And like the Israelites, to be successful, the people of Burma will need to embrace an inclusive approach like that championed in our parashah. Repression and violence against ethnic minorities has been a primary agenda of Burma’s Junta government for decades, and it has kept members of minority groups, especially women and youth, excluded from society and robbed of their human rights. Recent outbreaks of violence between Buddhist and Muslim communities, coupled with government persecution against Muslims, highlight these ongoing tensions. As Suu Kyi and others begin negotiations with the government on democratization and ending violence in ethnic regions, marginalized communities must have a seat at the table and their concerns must be on the agenda. The process, like the ceremony of Parashat Nitzavim, must emphasize participation and inclusion and explicitly acknowledge and welcome all members of society. Just as in our parashah, the presence and affirmation of the entire community is the crucial key to success.

AJWS is helping the people of Burma achieve this participatory society by creating spaces for ethnic minority communities to come together to discuss their concerns and develop shared strategies. We support ethnic minorities, youth and women to advocate for their rights and gain a voice in Burma’s development. Some of the leaders of AJWS’s grantees are already taking part in national level negotiations about the future of their country. AJWS will continue to support their lobbying efforts and help them overcome those who would keep them “at a distance.”

Only when all of the community is represented can there be a covenant, like the one in Parashat Nitzavim, that is “both with those who are standing here with us this day . . . and with those who are not with us here this day”—which, according to a midrash, means with all future generations.[10] Through bringing representatives of all of the pieces of their diverse community into the negotiations, may the people of Burma—and those of us who support them—be blessed to achieve a free and democratic Burma today and for generations to come.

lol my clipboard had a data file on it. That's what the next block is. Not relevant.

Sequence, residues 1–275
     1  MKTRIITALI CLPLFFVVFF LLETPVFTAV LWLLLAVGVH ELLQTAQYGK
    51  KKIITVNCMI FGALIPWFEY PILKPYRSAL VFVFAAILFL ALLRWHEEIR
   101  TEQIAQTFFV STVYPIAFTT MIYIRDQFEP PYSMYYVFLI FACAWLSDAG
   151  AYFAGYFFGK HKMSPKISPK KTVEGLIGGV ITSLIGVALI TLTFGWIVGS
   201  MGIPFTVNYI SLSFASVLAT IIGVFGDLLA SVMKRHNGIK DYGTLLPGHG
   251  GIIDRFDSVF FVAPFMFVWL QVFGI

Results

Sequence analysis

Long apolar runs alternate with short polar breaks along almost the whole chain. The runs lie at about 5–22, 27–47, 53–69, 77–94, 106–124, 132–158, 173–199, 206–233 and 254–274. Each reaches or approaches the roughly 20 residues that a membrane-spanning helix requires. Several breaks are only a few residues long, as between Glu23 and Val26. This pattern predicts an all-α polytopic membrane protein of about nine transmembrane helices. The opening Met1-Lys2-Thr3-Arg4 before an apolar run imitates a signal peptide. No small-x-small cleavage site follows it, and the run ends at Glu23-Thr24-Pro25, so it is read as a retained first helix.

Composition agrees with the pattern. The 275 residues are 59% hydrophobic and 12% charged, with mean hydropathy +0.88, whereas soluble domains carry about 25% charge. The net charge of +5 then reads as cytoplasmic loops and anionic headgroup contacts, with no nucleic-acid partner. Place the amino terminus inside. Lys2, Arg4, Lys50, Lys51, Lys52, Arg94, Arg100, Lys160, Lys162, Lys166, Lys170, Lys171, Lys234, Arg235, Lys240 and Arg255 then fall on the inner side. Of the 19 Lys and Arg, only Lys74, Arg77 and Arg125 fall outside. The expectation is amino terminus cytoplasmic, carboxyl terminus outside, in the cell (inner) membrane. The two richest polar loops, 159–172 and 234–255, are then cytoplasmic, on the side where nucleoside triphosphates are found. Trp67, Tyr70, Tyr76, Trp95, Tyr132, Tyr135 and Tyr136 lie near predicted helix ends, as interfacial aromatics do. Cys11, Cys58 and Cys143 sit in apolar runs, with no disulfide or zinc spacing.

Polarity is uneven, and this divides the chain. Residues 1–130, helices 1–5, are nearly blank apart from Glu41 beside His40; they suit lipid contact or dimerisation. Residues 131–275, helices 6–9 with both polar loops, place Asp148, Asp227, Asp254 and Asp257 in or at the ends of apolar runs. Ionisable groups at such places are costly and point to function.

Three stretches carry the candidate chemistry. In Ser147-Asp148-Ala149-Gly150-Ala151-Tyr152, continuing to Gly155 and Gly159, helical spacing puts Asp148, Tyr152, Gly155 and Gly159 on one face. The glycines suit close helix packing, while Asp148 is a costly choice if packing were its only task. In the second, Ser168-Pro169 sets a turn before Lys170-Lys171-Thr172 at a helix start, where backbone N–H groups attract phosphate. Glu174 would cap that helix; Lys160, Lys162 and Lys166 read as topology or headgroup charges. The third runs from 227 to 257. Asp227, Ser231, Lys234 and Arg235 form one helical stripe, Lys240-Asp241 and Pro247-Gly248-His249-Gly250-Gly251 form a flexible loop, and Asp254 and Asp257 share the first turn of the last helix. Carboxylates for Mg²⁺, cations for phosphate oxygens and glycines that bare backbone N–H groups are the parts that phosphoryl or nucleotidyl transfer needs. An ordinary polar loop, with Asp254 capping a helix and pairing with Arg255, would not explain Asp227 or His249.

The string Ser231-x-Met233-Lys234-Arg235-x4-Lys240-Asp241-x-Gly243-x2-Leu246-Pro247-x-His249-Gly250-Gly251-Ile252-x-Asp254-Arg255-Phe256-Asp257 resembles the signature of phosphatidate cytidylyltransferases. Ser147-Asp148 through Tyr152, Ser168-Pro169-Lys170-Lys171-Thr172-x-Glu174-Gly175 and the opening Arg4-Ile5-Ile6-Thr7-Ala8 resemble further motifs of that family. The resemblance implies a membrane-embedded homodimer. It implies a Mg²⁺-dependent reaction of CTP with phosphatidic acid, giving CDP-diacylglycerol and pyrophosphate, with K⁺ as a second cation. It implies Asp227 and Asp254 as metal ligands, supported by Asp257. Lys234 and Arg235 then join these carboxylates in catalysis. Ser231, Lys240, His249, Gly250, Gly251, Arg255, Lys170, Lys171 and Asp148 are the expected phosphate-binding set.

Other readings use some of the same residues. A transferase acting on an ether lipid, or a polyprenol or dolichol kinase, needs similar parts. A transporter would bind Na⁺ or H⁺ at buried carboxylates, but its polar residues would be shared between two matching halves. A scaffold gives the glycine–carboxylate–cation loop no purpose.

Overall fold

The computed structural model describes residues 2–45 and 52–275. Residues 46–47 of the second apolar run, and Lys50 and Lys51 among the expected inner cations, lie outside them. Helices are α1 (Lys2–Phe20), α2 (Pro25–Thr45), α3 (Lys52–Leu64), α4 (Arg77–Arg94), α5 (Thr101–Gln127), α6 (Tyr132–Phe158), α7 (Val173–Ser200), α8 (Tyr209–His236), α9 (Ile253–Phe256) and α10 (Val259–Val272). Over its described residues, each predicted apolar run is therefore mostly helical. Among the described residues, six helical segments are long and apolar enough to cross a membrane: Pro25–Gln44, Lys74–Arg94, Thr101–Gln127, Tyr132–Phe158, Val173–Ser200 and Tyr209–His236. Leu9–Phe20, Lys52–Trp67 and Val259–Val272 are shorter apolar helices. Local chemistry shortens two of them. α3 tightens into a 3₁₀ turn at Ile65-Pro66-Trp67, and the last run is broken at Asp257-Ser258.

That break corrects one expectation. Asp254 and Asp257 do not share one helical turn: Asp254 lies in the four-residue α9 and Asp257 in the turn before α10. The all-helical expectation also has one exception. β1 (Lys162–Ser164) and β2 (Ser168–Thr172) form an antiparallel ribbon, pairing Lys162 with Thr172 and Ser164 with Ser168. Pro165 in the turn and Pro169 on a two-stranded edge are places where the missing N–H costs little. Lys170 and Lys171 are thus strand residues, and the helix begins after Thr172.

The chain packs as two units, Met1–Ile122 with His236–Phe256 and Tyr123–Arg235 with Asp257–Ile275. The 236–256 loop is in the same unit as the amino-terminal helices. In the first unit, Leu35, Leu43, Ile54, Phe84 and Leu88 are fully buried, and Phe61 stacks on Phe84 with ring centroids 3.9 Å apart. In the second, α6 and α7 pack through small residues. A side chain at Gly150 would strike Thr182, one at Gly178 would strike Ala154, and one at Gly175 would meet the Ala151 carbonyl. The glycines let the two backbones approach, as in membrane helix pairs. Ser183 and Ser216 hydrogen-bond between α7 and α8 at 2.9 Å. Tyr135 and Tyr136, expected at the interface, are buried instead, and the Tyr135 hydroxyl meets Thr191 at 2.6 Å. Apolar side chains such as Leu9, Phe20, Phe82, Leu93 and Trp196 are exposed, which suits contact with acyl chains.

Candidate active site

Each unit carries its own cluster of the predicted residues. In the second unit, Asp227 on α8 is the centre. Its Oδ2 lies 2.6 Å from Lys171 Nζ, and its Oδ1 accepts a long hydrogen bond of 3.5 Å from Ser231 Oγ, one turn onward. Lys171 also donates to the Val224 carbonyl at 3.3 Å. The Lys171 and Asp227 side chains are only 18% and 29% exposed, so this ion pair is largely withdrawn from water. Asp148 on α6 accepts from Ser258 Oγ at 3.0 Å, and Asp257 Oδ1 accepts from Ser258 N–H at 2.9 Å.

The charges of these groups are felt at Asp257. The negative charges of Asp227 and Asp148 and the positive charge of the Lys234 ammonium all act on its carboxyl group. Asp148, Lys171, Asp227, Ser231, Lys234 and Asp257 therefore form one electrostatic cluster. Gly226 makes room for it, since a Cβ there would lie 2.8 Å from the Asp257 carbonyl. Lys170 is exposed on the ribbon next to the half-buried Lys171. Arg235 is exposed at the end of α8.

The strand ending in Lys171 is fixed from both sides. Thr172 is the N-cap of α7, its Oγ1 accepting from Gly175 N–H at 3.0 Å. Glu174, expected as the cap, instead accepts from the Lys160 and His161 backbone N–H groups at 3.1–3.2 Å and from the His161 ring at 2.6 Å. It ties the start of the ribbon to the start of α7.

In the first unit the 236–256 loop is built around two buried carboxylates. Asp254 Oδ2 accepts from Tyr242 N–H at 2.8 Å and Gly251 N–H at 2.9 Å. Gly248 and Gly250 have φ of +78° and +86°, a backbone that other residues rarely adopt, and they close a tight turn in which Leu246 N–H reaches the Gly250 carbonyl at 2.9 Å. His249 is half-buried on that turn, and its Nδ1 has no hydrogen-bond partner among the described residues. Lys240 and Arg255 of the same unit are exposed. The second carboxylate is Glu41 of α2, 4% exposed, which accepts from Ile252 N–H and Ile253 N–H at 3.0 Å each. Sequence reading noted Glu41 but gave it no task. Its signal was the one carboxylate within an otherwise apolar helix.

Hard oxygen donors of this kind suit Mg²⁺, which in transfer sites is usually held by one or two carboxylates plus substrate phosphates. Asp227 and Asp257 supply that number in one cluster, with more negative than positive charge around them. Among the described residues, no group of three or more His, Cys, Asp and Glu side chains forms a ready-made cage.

Sarah Mulhern is a Program Associate in the Department of Experiential Education at AJWS. In that role, she develops educational resources including curricula, prayers, divrei Torah, and text studies; and teaches and speaks on behalf of the organization. She also manages On1Foot, the online portal for Jewish texts and social justice. Prior to joining AJWS, Sarah taught at Camp Ramah in Wisconsin and in the Pardes Institute of Jewish Studies’ Social Justice Track. She studied at Pardes from 2008-2010 and at Yeshivat Hadar in 2008. Sarah holds a BA from Brandeis University in History and Political Science.

[1] Deuteronomy 29:11.

[2] Ibid 29:9-28.

[3] Rashi on Deuteronomy 29:9.

[4] Exodus 19:15.

[5] See Judith Plaskow, “Reshaping Jewish Memory,” MyJewishLearning.com. http://www.myjewishlearning.com/beliefs/Issues/Gender_and_Feminism/Feminist_Thought/Theology/
Judith_Plaskow.shtml

[6] See Shabbat 86a, Rashi on Exodus 19:15

[7] Exodus 20:15-18.

[8] Deuteronomy 29:9-10.

[9] All information about Burma is sourced from AJWS publication “The Story of our Impact: Supporting the Movement for a Free and Democratic Burma.” http://ajws.org/who_we_are/publications/case_studies/06_12_the_story_of_our_impact.pdf

[10] Midrash Tanhuma Nitzavim 3. See also Rashi on Deuteronomy 29:14.